Baking is one of the oldest activities in the field of artisan food preparation. Flat bread was produced from ground grain and water as early as 8,000 years ago. By comparison, vacuum technology is relatively new. Technically speaking, a vacuum was first generated in the 17th century, and is today an inherent and essential part of industrial practice. Our highly technical world now needs vacuum more than ever. Here are 6 ways vacuum improves bread production, and the vacuum pumps that make it profitable.
1. Crispy crust, loose crumb
Vacuum technology has brought innovations to the industrial baking trade. The cooling of baked goods is being revolutionized. In comparison to conventionally cooled baked goods, the advantage of vacuum-cooled bread is clear from the very first touch. The crust is crispy and the crumb is loose. Through the extension of the so-called crusting process, the volume consistency of the baked goods also increased; resulting in a crust that is stable for longer and brittle, yet soft. This is of great advantage, as many baked goods tend to lose their form in environments with higher air humidity. A stable volume is not only a win in terms of quality for the customer; it also offers an advantage over the competition in terms of appearance when the baked goods on display not only smell delicious but also look attractive and entice shoppers to make a purchase.
Fig. 1: Vacuum-conditioned bakery products convince through a uniform crumb as well as a larger and dimensionally stable volume
2. Fewer bacteria in the vacuum
Alongside the advantages to the purchaser that are evident upon first glance, there are a few other important aspects to be considered. By accelerating the process, the time window for the development of bacteria is shortened. In vacuum cooling, the critical temperature range for the growth of mold spores (from 60°C to 30°C) is cut to 2 - 3 minutes, rather than two hours, as was previously the case. Cooling in an enclosed chamber simultaneously serves as a sluice between production and packaging. It also significantly reduces the risk of airborne bacterial attack and the resulting spore formation. This means that there is no need for a costly sterilization process following packaging in order to resist the formation of spores. Only pure air and protective gas could further extend the shelf life.
Related: Safety regulations in food production are on the increase, and the food industry is under pressure to evolve if it wants to stay profitable beyond 2020. Download a copy of our eBook on The Future of Food, and find out how vacuum helps industrial food production become more efficient and profitable.
There are other benefits of vacuum cooling in baking. Compared to conventional air cooling, the compact dimensions of a vacuum cooling system frees up significant space, saving up to one tenth of the floor space previously used. A simple conditioning chamber has a chamber size of around 120 x 100 cm and is approximately 2 meters tall. Vacuum pumps or switch cabinets are functionally integrated into the system directly alongside the chamber. The recovered space can then be used for additional production capacities within the company. Breads of various types and sizes can be cooled to 30°C within just 5 - 10 minutes.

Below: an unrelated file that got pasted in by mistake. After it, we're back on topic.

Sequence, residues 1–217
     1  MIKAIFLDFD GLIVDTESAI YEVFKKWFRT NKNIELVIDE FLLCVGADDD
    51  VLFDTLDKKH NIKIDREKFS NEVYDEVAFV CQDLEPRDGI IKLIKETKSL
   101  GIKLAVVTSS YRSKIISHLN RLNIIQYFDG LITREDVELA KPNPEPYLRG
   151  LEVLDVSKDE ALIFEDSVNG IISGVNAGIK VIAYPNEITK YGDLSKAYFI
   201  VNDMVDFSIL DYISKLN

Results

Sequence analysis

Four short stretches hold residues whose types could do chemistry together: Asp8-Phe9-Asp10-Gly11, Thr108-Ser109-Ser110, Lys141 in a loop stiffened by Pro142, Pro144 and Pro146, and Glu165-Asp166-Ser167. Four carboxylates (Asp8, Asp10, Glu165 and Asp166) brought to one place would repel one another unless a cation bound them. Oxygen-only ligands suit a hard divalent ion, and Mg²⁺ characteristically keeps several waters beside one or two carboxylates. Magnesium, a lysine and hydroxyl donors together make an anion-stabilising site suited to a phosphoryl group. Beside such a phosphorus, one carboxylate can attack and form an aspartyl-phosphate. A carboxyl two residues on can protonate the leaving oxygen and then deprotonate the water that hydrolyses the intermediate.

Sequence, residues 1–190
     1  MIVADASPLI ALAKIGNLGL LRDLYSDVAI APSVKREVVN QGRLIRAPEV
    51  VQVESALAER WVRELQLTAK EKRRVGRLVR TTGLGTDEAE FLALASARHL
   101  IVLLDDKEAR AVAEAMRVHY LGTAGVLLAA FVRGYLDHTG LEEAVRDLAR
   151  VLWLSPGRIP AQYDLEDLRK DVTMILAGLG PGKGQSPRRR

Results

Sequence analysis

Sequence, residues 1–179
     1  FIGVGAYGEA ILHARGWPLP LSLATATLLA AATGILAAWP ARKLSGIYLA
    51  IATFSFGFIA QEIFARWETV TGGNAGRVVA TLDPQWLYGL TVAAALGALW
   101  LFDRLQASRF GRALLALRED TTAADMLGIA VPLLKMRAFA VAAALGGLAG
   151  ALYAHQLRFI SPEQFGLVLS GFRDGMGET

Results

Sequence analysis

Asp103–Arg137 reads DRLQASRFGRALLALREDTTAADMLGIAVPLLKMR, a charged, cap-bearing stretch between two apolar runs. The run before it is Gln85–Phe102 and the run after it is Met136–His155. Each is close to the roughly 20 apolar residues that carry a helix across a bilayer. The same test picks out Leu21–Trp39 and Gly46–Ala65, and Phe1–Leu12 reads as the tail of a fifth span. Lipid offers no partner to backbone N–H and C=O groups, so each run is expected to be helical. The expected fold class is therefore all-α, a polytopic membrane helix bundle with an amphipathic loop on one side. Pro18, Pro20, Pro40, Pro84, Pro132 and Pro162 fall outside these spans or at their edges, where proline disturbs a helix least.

Thus, the bakery not only benefits from an improvement in quality, but also from increased productivity. The new cooling technology drastically reduces the original cooling phase. Meanwhile, the baked goods are optimally conditioned for the subsequent processing steps of slicing and packaging. The systems commonly used today are designed for a rack trolley with a sheet size of 60 x 100 cm. Depending on the product, up to twelve batches, or 400 - 500 kg of baked dough, can be conditioned each hour. By comparison, cooling in ambient air can last several hours. Vacuum-cooled baked goods are quicker and easier to prepare for the subsequent processing chain.
4. Vacuum conditioning improves the quality of baked goods
One of the main technical challenges in the vacuum conditioning of baked goods is that the system manufacturers must cater to many different bread types, with varied recipes and a wide range of ingredients. Just think of the breakfast breads found in European baking culture and the differences between various baked goods becomes evident. Croissants, baguettes, roggenbrot or hefezopf with raisins – the unique qualities of each recipe are reflected in the equipment and control system used. The equipment manufacturer must program the corresponding cooling sequences for the respective baked goods into the equipment control system. This requires specific baking expertise and years of experience. Here, vacuum technology has almost as much influence over the quality of the goods as the baking recipe itself.
The vacuum conditioning of baked goods is also ideally suited for the bakery or point of sale concept that is common today. Baking generally takes place at a decentralized location outside of the town or city. The baked goods are then delivered to points of sale in the city or in shopping centers. The customer's expectation of being able to buy fresh and warm bread rolls at any time of day can be optimally fulfilled with the help of vacuum conditioning.